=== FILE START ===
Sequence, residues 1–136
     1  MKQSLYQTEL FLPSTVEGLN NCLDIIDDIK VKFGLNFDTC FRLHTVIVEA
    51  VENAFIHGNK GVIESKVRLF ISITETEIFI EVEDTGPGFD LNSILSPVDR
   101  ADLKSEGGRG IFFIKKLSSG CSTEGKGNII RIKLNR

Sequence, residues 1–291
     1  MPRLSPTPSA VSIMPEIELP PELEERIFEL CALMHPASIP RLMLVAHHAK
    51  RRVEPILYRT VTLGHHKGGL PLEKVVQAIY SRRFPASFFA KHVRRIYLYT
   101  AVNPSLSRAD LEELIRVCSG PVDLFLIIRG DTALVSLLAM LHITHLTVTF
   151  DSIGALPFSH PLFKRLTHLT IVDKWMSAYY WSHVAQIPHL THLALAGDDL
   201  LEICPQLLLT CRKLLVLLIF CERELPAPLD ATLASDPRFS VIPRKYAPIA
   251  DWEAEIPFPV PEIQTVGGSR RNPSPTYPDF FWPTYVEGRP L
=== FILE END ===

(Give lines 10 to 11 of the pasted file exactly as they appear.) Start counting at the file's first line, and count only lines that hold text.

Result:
   201  LEICPQLLLT CRKLLVLLIF CERELPAPLD ATLASDPRFS VIPRKYAPIA
   251  DWEAEIPFPV PEIQTVGGSR RNPSPTYPDF FWPTYVEGRP L